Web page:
Thomas H. Cox, Ph.D.

Associate Professor

coxEducation

Certificate in Chinese, University of Hawaii, Manoa, 2016

Ph.D., History, State University of New York at Buffalo, 2004

M.A., History, State University of New York at Buffalo, 1998

B.A., History, Birmingham-Southern College, Birmingham Alabama, 1994

B.S., Political Science-Sociology, Birmingham-Southern College, Birmingham Alabama, 1994

Biography

Dr. Cox’s historical interests include American constitutional and legal history, early U.S.-Sino relations, and nineteenth century history.

His first book, Gibbons v. Ogden, Law, and Society in the Early Republic examines a landmark decision in American jurisprudence, the first Supreme Court case to deal with the thorny legal issue of interstate commerce. Decided in 1824, Gibbons v. Ogden arose out of litigation between owners of rival steamboat lines over passenger and freight routes between the neighboring states of New York and New Jersey. In later decades the case became a legal and cultural precedent for the later regulation not merely of goods and services but individuals and morals from the early years of the young republic through the late twentieth century. 

In the past seven years Professor Cox has served as a visiting professor at Renmin University in Beijing, China and Northeast Normal University in Changchun. China. He has recently completed a Certificate in Chinese Language at the University of Hawaii.

He is currently working on a second book on Warren Delano’s experiences as an American merchant in China in the early 1800s. Today Delano is known primarily as the maternal grandfather of Franklin Delano Roosevelt. Yet he was also one of the most successful American traders with China in the early 1800s. His career provides a window into the complicated relations between early American and Chinese merchants, relationships which would over time form much of the basis for future U.S. foreign policy towards Asia.

Dr. Cox currently teaches undergraduate courses on American colonial, revolutionary, early republic, and the history of early U.S.-Sino relations. He also serves on examination and thesis committees for students working in these areas.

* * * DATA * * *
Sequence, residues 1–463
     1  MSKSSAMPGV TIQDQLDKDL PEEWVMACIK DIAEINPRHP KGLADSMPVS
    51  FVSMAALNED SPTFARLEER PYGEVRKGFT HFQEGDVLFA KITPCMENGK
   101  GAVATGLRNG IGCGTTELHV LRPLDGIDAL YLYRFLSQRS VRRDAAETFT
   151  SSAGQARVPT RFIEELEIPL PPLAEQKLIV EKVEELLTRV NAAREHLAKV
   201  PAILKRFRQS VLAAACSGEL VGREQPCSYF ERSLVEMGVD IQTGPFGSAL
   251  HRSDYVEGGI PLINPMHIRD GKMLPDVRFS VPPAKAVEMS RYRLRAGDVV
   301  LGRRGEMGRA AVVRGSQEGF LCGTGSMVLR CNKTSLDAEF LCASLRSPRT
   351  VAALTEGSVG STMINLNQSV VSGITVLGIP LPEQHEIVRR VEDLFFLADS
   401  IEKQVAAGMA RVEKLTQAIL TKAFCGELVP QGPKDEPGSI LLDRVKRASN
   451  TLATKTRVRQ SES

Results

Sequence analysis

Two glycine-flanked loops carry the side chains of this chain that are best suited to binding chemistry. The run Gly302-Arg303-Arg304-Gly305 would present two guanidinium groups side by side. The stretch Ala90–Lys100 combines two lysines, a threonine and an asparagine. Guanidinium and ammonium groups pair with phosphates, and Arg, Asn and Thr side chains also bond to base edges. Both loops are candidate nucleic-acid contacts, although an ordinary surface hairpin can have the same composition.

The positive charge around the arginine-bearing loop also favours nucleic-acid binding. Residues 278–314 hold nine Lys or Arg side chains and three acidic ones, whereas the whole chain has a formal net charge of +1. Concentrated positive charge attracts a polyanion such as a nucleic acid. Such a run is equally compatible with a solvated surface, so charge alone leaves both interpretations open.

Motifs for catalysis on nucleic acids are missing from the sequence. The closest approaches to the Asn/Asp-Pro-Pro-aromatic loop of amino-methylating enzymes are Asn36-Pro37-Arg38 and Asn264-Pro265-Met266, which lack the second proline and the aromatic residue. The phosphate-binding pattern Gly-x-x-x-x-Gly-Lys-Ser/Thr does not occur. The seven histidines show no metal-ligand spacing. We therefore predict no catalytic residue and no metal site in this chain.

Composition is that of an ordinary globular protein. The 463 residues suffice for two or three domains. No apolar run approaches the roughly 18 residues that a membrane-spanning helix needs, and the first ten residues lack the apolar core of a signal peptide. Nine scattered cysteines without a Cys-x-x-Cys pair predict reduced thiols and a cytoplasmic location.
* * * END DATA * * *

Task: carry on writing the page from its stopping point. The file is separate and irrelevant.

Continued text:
Courses

Undergraduate:

HIST 1301 U.S. History to 1876

HIST 3376 America to 1783

HIST 3377 America at Mid-Passage, 1787-1877

Graduate:

HIST 5371 Revolutionary America

HIST 5372 Early National America

Selected Publications

Gibbons v. Ogden, Law, and Society in the Early Republic (Athens: Ohio University Press, 2009).

“`Money, Credit and Strong Friends’: Warren Delano II and the Importance of Social Networking in the Old China Trade,” in Private Merchants of the China Trade, 1700-1842 (Hong Kong: Hong Kong University Press, 2014), ed. Paul Van Dyke, forthcoming.

“Encountering the Founders: Changing Historiographical Views of the Creation of the U.S.

Constitution,” in Journal of Nanjing University 48 (July 2011): 32-42.

“Contesting Commerce: Gibbons v. Ogden, Steam Power, and Social Change,” in Journal of

Supreme Court History 34 (March 2009), 55-73.

“Frontier Framers: Constitution Making in Nineteenth Century Nebraska,” in The History of

Nebraska Law (Athens: Ohio University Press, 2008), ed. Alan Gless, 11-27.

“From Centerpiece to Center Stage: Kelly Ingram Park, Segregation, and Civil Rights in Birmingham, Alabama” in the Southern Historian 18 (Spring 1997): 5-28.

Gibbons v. Ogden, Law, and Society in the Early Republic - Thomas H. Cox - Google Books


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